Staying calm yourself is key: Tightening the leash and tensing up is one of the most frequent mistakes made by dog companions like Carp. Explains Case: “Dogs should be confident that we will handle things for them. They react because they feel they’re out there on their own. If they see their person is confident and proactive instead of reactive, they’ll feel a lot better. Its person needs to be a good leader.”

How to Manage a Reactive Dog
If your dog is reactive, Case recommends the following five steps:

1. Buy a harness Any tightening of a leash is restrictive to a dog’s airway, which will only heighten its anxiety. A harness removes the possibility of pressure on the neck, and also helps to rebalance a dog that’s lunging forward.

2. Have a plan Knowing what you will do (e.g., turn and walk away, keeping the dog moving) when your furry friend responds to perceived threats will allow you to remain calm. Part of the plan should involve reminding yourself to relax.

3. Be familiar with the signals When dogs begin to become uncomfortable, they may lick, yawn and sniff. As they get tense, they may exhibit changes in posture, such as becoming more upright, tucking their lower body backward or stiffening up. Staring is usually the last move before a more intense reaction. If you can get your dog out of a situation before the stare, you will nip the problem in the bud.

4. Retrain your dog Walk away from the tense situation to a comfortable distance, keeping the object of the dog’s discomfort in sight. Get your dog to glance at the other dog or person before it gets to the point of staring, and then give it a treat. Soon the dog will begin checking back with you when it sees things that make it tense. 

5. Enlist help If you can’t handle the problem on your own, find a good trainer or behaviorist to work with. “A professional can observe your dog and possibly see a lot more about what it’s doing,” says Case.

With some time, effort and training, you can turn your reactive dog into a companion that any roommate would feel comfortable taking for a stroll around the block.

Darcy Lockman is a freelance writer and frequent contributor to The Dog Daily. Her work has appeared in The New York Times and Rolling Stone. She lives in Brooklyn with the prettiest pug dog in the five boroughs.


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Posted on October 6, 2009

Heather says: Where can I find a good trainer? Someplace in Pennsylvania or Ohio?

Posted on November 1, 2009

mary cunningham says: Where can I find a trainer that specializes in reactive gog training in the Cincinnati/Dayton area?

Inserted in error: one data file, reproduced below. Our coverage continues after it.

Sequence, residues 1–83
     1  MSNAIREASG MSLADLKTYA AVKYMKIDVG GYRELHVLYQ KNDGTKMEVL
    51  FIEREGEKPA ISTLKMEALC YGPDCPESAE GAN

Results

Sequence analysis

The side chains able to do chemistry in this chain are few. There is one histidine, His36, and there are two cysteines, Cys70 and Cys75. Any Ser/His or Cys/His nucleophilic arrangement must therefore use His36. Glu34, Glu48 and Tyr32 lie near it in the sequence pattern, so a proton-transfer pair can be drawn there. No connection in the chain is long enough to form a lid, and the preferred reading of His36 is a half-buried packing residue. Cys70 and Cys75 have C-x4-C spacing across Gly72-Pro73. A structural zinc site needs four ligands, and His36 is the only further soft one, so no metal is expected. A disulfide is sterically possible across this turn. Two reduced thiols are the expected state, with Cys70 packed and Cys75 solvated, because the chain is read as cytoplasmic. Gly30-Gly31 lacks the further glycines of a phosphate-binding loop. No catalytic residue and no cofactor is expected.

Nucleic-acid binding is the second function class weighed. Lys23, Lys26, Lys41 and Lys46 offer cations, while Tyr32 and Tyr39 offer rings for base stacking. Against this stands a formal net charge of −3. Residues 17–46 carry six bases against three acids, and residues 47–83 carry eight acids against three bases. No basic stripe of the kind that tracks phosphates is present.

Posted on December 3, 2008

Leslie says: Pinch collars are completely unnecessary and the majority of time are fitted incorrectly by untrained individuals and this improper fit can result in serious injury to your dog. Personally, I have a 106lb Malamute and I walk her with a Gentle Leader when I know she will want to pull. I am training her to walk on a buckle collar only, but until her loose-leash walk is polished, I'll choose the gentle leader. I grew up with horses and know that if you can control a large animal by controlling the direction of their head that the same priciple certainly applies to a dog. I have never seen anything more tragically ridiculous that a pinch collar on a pulling dog. Come on people! A malamute is designed to pull the heaviest loads, they are super powerful, and yet if they are taught how to walk with their guardian they will do it reliably and beautifully. By the way, my previous dog was a 130lb White GSD and he also learned to walk without dragging me behind him like luggage and I never needed to put a pinch collar on him. I recommend that the lady that posted the pinch collar story above, seek out a qualified trainer that can teach her dog to ignore distractions on the walk and stay focused on her without the use of compulsion. People that advocate pinch collars ought to wear them around for a few days and have a friend pull on it any time they want to change directions instead of just asking them politely, and see how they feel about that friend and the whole prospect of walking after a few days. I would much rather have a dog that did what I asked them to do because they understood the benefit of doing it, rather than have a dog that only followed my lead because they had no other choice.